Arms Bill passes: Govt making national database of licenses & holders, serial nos for bullets

New Delhi: Yesterday, 10 December, Parliament passed the Arms (Amendment) Bill, 2019. Speaking on the Bill in Rajya Sabha, Minister of State (MoS) for Home Affairs, G. Kishan Reddy explained in detail the provisions of the amendment and responded to the apprehensions of the Members. He stated that this amendment is not being brought with any political consideration, but to check acts of terrorism and insurgency and use of illegal arms, which is in favour of the common people. Indus Dictum reported earlier that the Bill was passed by Lok Sabha on the day before, 9 Dec.

Reddy said India stands third in the number of suicides committed with guns globally and even licensed arms are being put to wrong use, which needs to be prevented, and thus, the proposed amendments are being brought in the Arms Act.

Accepting suggestions from the Members, the Minister said that in addition to the limit of two guns being allowed under the latest amendments, individuals would be allowed to retain ancestral guns in a deactivated state. This means that such guns may be kept as demo guns, which must not be in a condition to fire, he added.

In addition to this, Reddy said that in the near future, the Government plans to introduce bullets with serial numbers, so as to keep them accounted for and traceable. Further, a portal is being developed that would house the National Database on Arms License (NDAL) and Arms License Issuance System (ALIS). This portal will be a one-stop platform to access information on arms licenses issued, license holders and the ammunition used.

The Bill seeks to enhance the punishment for existing offences like illegal manufacture, sale, transfer, etc.; illegally acquiring, possessing or carrying prohibited arms or prohibited ammunition; and illegal manufacture, sale, transfer, conversion, import, export, etc., of firearms.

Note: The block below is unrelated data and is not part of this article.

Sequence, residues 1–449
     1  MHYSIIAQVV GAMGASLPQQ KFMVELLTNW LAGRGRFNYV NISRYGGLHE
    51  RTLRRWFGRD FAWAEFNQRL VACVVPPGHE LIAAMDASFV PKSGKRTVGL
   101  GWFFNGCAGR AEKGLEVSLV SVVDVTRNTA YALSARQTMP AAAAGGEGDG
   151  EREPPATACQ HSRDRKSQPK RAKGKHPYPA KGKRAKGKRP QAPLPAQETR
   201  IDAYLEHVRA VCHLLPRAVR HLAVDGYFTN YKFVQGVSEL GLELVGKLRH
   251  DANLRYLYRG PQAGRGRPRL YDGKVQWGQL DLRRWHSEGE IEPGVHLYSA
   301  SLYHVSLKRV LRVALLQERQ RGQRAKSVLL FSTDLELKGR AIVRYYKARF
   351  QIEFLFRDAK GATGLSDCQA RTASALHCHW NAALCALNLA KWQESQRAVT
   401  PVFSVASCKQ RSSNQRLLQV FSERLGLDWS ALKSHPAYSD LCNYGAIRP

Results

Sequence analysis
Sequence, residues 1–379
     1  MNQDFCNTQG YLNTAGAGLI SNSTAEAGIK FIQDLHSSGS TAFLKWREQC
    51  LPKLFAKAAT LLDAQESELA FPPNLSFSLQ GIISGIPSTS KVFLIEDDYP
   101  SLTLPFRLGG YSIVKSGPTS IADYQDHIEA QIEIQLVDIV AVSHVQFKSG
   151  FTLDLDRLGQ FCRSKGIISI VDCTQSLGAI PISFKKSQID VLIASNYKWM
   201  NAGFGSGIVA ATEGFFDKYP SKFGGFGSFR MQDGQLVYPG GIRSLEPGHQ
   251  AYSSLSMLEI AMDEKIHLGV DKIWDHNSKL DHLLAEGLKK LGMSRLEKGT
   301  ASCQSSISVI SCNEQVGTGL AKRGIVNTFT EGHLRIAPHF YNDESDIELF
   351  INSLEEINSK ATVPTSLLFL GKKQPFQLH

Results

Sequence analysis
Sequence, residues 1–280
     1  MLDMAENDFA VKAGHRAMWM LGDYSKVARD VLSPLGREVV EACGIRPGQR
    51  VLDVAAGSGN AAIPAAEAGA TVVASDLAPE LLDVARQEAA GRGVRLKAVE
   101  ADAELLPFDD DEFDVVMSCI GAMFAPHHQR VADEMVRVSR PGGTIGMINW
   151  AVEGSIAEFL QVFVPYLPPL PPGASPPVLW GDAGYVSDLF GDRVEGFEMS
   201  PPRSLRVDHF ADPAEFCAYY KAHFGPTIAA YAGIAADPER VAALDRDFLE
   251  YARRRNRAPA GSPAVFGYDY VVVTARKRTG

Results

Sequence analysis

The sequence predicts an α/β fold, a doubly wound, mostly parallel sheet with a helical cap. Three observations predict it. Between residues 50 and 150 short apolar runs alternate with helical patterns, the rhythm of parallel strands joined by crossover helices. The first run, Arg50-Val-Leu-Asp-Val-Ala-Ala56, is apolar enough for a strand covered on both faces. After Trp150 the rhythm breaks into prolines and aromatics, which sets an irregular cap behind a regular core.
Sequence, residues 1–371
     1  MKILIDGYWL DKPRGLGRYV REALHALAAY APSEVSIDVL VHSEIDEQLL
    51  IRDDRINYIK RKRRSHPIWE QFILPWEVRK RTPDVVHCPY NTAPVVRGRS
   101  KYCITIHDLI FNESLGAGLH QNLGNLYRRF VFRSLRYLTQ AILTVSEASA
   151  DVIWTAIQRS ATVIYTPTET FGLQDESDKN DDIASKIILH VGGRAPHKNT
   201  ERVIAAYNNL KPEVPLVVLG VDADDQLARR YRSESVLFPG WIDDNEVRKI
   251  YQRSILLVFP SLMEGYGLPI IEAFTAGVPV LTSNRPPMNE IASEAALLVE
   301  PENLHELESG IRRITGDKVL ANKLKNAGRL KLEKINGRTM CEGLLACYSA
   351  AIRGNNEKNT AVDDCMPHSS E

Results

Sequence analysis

The Bill also proposes to define new offences and prescribe punishment for them, such as for taking away firearms from police or armed forces, involvement in organized crime syndicate, illicit trafficking including smuggled firearms of foreign make or prohibited arms and prohibited ammunition, use of firearms in a rash and negligent manner in celebratory gunfire endangering human life, etc.

The Bill seeks to enhance the period of arms license from three years to five years, and also to issue the arms license in its electronic form to prevent forgery.

The Amendment assumes significance in recent times as law enforcement agencies have indicated a growing nexus between the possession of illegal firearms and commission of criminal offences, said Reddy, adding that with advancements in technology, the firepower and sophistication of illegal firearms have increased significance over the years.

The trans-border dimensions of illegal arms trafficking are threatening internal security and to prevent the usage of illicit firearms so trafficked has also become a prime concern, Reddy said, adding that to effectively curb crimes related to or committed by using illegal firearms and to provide effective deterrence against violation of law, there is an urgent need to strengthen the existing legislative framework by making appropriate amendments in the Arms Act, 1959.

Simultaneously, there is also a requirement for rationalizing and facilitating the licensing procedures for use of firearms by individuals and sports persons, the Minister observed.

Reddy assured the House that the licenses and arms ownership of sportspersons would not be adversely affected because of the Bill and added that in fact the number and types of weapons allowed for sportspersons has increased, and remarked that provisions related to ownership of arms by retired and serving personnel of armed forces remains unaffected by the Amendment.

Speaking on the enhanced punishment under the Amendment, the Minister said that prison sentences for illicit trafficking of firearms and ammunition including smuggled firearms of foreign make or prohibited bore had been increased to prison time between 10 years to life imprisonment.

Reddy said the theft of weapons from police or armed forces would carry a punishment of 10 years to life imprisonment; illegal manufacturing, sale, conversion, repair, import/export would attract 7 years to life imprisonment; acquiring, possessing, carrying prohibited arms and ammunition to get 7 to 14 years imprisonment; involvement in organized crime syndicate would all henceforth carry the punishment of 10 years to life imprisonment.

Reddy also said that involvement in negligent and rash use of firearms or in celebratory firing endangering human life, would attract a fine of Rs. 1,00,000 or imprisonment for 2 years or both.

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The ID Staff

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